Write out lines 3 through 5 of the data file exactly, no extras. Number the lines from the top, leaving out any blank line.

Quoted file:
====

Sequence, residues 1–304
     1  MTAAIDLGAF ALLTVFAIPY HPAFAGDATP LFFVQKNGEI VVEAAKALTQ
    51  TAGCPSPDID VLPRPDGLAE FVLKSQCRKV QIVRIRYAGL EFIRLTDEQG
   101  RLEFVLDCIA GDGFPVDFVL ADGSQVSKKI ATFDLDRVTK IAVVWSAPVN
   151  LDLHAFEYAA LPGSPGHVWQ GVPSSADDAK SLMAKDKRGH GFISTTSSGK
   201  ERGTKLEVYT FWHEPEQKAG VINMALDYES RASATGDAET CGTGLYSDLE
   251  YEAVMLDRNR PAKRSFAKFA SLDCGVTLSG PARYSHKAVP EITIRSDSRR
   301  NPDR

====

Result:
    51  TAGCPSPDID VLPRPDGLAE FVLKSQCRKV QIVRIRYAGL EFIRLTDEQG
   101  RLEFVLDCIA GDGFPVDFVL ADGSQVSKKI ATFDLDRVTK IAVVWSAPVN
   151  LDLHAFEYAA LPGSPGHVWQ GVPSSADDAK SLMAKDKRGH GFISTTSSGK